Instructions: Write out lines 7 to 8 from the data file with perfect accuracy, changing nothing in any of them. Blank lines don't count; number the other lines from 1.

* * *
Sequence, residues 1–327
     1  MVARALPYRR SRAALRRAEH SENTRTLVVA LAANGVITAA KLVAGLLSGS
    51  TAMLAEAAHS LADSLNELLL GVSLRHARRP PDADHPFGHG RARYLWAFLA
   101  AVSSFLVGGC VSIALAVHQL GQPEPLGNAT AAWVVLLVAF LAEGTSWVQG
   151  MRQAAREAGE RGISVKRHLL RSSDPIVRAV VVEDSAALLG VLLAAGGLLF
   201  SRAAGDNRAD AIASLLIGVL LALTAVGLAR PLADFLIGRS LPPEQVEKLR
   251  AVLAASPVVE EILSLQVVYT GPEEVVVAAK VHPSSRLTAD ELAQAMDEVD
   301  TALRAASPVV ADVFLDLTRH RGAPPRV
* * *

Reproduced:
   251  AVLAASPVVE EILSLQVVYT GPEEVVVAAK VHPSSRLTAD ELAQAMDEVD
   301  TALRAASPVV ADVFLDLTRH RGAPPRV